It's not any of our business. Finding out that Thurber was "really" an abusive drunk should make us rightly suspicious of getting married to guys because they make us laugh, but it shouldn't make us stop laughing at them, any more than finding out that name-your-slapstick-favorite was "really" very graceful and athletic. As Barthes pointed out in his immensely influential essay, "The Death of the Clown," one never gets the opportunity to laugh at a performer. Only at a performance.

Second reaction

It's pointless to worry about intentions if the point is that the intention is unknowable. When the absent-minded professor springs out of bed shouting "Zebra-fragrant! That's the answer: zebra-fragrant!",4 the joke depends on our understanding his lack of regard rather than our understanding what he's on about.

Third reaction

Not all laughter is mocking. Laughter is also a reaction to surprise and pleasure. We laugh to free our mind from our mind's bondage. When pundits talk about humor, they often concentrate on the Rush Limbaugh and Camille Paglia end of the spectrum, but George Herriman and Buster Keaton are funnier.

Not that Zukofsky is that funny. We are talking about just poetry, where the competition's not as fierce as in cartoons or slapstick, and the results are weaker. If it's true that twentieth-century poets' humor doesn't age well, 5 that's probably because nothing about twentieth century poetry ages well. The wit has always been sub-Rotarian; the lyricism has always been kitsch; the politics has always been blowhardy; the eroticism has always been braggadoccio; the imagination has always been received. What fades over time aren't its effects, but the personal allegiances and illusions that distracted contemporary readers from its effectual paucity.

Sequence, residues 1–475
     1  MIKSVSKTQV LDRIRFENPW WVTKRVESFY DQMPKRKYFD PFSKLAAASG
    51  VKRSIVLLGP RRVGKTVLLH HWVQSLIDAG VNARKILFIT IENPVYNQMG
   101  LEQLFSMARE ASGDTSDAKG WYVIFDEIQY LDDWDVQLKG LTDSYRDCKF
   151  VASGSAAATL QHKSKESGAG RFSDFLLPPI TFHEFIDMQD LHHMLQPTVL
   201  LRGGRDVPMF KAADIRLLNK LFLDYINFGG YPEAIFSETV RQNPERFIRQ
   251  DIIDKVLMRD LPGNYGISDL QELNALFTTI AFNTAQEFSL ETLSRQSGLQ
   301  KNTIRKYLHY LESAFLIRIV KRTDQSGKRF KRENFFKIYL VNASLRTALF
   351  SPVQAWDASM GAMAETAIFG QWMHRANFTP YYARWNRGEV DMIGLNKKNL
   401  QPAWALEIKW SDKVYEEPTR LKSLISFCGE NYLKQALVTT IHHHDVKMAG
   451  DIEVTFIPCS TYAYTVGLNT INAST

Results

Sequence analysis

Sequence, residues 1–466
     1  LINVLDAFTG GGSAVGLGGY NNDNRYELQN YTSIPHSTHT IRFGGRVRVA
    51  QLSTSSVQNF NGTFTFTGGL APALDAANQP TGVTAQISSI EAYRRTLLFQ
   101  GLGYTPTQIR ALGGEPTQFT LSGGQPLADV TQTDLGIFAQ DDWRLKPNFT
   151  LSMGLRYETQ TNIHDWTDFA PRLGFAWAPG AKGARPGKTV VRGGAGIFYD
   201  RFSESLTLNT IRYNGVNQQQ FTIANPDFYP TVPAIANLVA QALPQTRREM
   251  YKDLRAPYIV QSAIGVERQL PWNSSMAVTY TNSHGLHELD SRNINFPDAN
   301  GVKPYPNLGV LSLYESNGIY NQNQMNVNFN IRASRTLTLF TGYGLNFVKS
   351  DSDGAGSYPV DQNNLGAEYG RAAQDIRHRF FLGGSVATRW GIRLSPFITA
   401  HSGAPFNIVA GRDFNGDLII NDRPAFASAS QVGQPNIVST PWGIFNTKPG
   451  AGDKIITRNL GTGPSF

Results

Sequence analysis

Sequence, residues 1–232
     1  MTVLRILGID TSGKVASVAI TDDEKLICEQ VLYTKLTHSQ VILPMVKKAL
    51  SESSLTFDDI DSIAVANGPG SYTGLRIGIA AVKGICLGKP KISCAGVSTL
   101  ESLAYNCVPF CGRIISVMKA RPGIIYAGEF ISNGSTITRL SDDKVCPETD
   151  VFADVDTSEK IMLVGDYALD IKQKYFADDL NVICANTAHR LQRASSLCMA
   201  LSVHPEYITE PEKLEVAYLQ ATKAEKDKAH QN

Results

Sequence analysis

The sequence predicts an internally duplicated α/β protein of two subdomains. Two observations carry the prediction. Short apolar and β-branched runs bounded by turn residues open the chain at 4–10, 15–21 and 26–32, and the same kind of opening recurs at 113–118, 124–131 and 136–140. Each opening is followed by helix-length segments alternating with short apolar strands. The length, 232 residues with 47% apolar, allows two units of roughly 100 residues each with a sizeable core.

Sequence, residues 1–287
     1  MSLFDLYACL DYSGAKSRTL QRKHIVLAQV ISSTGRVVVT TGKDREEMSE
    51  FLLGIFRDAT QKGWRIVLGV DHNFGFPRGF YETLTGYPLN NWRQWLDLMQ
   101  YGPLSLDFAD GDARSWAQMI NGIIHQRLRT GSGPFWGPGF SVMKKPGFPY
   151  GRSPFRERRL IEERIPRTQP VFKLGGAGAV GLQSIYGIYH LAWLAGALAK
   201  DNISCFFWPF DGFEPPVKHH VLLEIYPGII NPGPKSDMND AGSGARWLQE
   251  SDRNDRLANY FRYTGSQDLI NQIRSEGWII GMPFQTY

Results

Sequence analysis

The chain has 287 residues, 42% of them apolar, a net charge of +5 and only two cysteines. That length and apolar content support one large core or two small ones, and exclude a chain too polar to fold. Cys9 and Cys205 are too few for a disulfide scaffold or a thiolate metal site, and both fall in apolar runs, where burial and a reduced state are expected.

Still, Pound's bullying excursions into dialect are clearly enough distinguishable from Zukofsky's homeboy familiarity. One is Collins-&-Harlan; the other is, if not Herriman or Keaton, then at least, say, Milt Gross. 6 On his recordings, I hear a soft-spoken hay-fevered rabbinical Groucho Marx; like Marx, a near-as-dirt-to-perpetual verbal machine requiring just an occasional squirt of impulse -- lyric (Zukofsky) or aggressive (Marx) -- to keep the flywheels spinning.

Whether we react like Margaret Dumont or like Edgar Kennedy is a matter of personal taste. I know to which model of bewilderment I aspire, even if I only ever make it to Zeppo.

1 Speaking of private knowledge, this paraphrases Ezra Pound's advice, "Look into thine owne eare and reade," sent in a letter to Zukofsky in 1930.
2 Cf. "Ars Vini" by Anselm Dovetonsils:
         Look up your nose and blend.
3 Presumably Lorenz Hart, for example, was aware of the consequences should one's cardiac muscles try to twist themselves into even the coyest of smiles.